The best option, Dr. Kelly said, was to combine UNC’s surgery program with Duke’s. For years, physicians at both children’s hospitals talked informally about joining forces, but nothing came of it. They were “basically destroying each other’s capacity to be great,” Dr. Kelly said, by running competing programs less than 15 miles apart. But even combining the programs wasn’t an instant fix: It would take at least a year and a half, he said…

At a conference last fall, Dr. Backer, the Chicago heart surgeon, urged fellow surgeons to consider “rational regionalization,” or joining forces in an effort to reduce mortalities nationwide for congenital heart defects, potentially saving hundreds of lives.

Reaching adequate case volumes to keep up skills is a challenge because so many hospitals are competing for patients – surgical programs are an important driver of revenue. The Orlando, Fla., and San Antonio metropolitan areas, for example, each have three hospitals doing pediatric heart surgeries. Cleveland has two about a mile apart. A study last year by Dr. Backer and other physicians found that 66 percent of hospitals doing the surgeries were within 25 miles of another one.” (D)

“The situation that the New York Times described in North Carolina parallels that at Johns Hopkins All Children’s Hospital in St. Petersburg, which stopped performing heart surgeries after the Tampa Bay Times reported on problems in the unit.

A Tampa Bay Times analysis found that the death rate among pediatric heart surgery patients at All Children’s had tripled from 2015 to 2017…

UNC Health Care only made some of its death rate data public to the New York Times after numerous requests from the newsroom. The statistics showed that UNC’s children’s heart surgery program had one of the highest four-year death rates in the country.

The newspaper said it is suing the health system for more data.

UNC Health Care told the New York Times that the physicians’ concerns had been handled appropriately.

After the New York Times started reporting, the hospital ramped up efforts to find a temporary pediatric heart surgeon and reached out to families whose children had died or had unusual complications to discuss their cases…

The turmoil at UNC underscores concerns about the quality and consistency of care provided by dozens of pediatric heart surgery programs across the country. Each year in the United States about 40,000 babies are born with heart defects; about 10,000 are likely to need surgery or other procedures before their first birthday.

The best outcomes for patients with complex heart problems correlate with hospitals that perform a high volume of surgeries – several hundred a year – studies show. But a proliferation of the surgery programs has made it difficult for many institutions, including UNC, to reach those numbers: The North Carolina hospital does about 100 to 150 a year. Lower numbers can leave surgeons and staff at some hospitals with insufficient experience and resources to achieve better results, researchers have found.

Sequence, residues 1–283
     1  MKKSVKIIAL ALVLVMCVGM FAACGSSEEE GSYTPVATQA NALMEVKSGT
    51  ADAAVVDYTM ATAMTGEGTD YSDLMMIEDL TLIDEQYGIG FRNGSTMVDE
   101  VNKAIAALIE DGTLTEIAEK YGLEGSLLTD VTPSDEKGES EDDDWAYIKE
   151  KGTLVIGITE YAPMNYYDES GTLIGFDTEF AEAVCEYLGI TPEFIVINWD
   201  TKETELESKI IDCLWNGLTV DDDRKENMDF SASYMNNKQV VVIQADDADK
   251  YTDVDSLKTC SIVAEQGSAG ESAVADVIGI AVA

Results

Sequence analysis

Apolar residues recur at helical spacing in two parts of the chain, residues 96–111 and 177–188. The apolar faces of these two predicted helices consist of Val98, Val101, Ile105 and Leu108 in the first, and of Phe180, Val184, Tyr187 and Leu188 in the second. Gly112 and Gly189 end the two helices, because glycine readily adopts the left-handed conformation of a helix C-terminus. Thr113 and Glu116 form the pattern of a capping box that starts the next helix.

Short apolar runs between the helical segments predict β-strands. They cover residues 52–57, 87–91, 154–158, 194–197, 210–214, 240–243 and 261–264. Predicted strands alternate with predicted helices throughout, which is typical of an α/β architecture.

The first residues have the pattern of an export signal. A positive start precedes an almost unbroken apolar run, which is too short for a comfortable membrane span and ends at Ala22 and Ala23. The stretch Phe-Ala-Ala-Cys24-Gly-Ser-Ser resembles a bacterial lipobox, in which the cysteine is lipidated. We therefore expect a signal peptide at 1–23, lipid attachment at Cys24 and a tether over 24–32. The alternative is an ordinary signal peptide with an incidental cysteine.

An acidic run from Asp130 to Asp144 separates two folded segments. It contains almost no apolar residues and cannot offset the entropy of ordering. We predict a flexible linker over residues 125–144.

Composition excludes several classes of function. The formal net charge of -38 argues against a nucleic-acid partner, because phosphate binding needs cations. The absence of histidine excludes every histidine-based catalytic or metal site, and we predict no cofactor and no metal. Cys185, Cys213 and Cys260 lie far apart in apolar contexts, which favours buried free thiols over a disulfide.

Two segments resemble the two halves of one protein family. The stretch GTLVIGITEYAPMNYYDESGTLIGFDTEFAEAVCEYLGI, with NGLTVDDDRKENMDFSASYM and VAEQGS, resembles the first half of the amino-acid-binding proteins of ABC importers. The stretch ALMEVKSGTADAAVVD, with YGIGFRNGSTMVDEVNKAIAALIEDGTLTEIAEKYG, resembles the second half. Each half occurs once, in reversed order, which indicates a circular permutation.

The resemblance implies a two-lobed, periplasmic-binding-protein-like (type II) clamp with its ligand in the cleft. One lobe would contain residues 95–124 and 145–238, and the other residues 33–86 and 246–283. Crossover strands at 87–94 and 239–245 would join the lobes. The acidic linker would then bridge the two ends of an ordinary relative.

“We can do better. And it’s not that hard to do better,” said Dr. Carl Backer, former president of the Congenital Heart Surgeons’ Society, who practices at Lurie Children’s Hospital of Chicago. “We don’t have to build new hospitals. We don’t have to build new ICUs. We just need to move patients to more appropriate centers.”

North Carolina Children’s Hospital, part of the University of North Carolina medical center, performs about 100 to 150 pediatric heart surgeries a year.

Studies show that the best outcomes for patients with complex heart problems correlate with hospitals that do a higher volume of surgeries – several hundred a year.

At least five pediatric heart surgery programs across the country were suspended or shut down in the last decade after questions were raised about their performance; a Florida institution run by the prestigious Johns Hopkins medical system stopped operations after reporting by The Tampa Bay Times in 2018. At least a half-dozen hospitals have merged their programs with larger ones to achieve more consistent results. And more institutions are considering such partnerships.” (E)

“UNC Health declined a CBS 17 request for an interview. Phil Bridges, UNC Health’s Integrated Communications Executive Director issued a written statement:

We are proud of our pediatric congenital heart surgery program, and our current team is receiving top results that would place us among the best in the nation. We have been engaged in continuous quality improvement efforts for decades and have made significant improvements in the past 10+ years.

As the state’s leading public hospital, the UNC Pediatric Congenital Heart Surgery program often receives the most complex and serious cases. For many of these very sick children, we are often parents’ last hope.

As we shared with the New York Times, there were team culture issues back in 2016. They were handled appropriately. That, combined with decades of continuous quality improvement (CQI) efforts, have led us to today in which we have a very strong program. For our team, and each family, even a single death is too many, and we will continue our CQI work.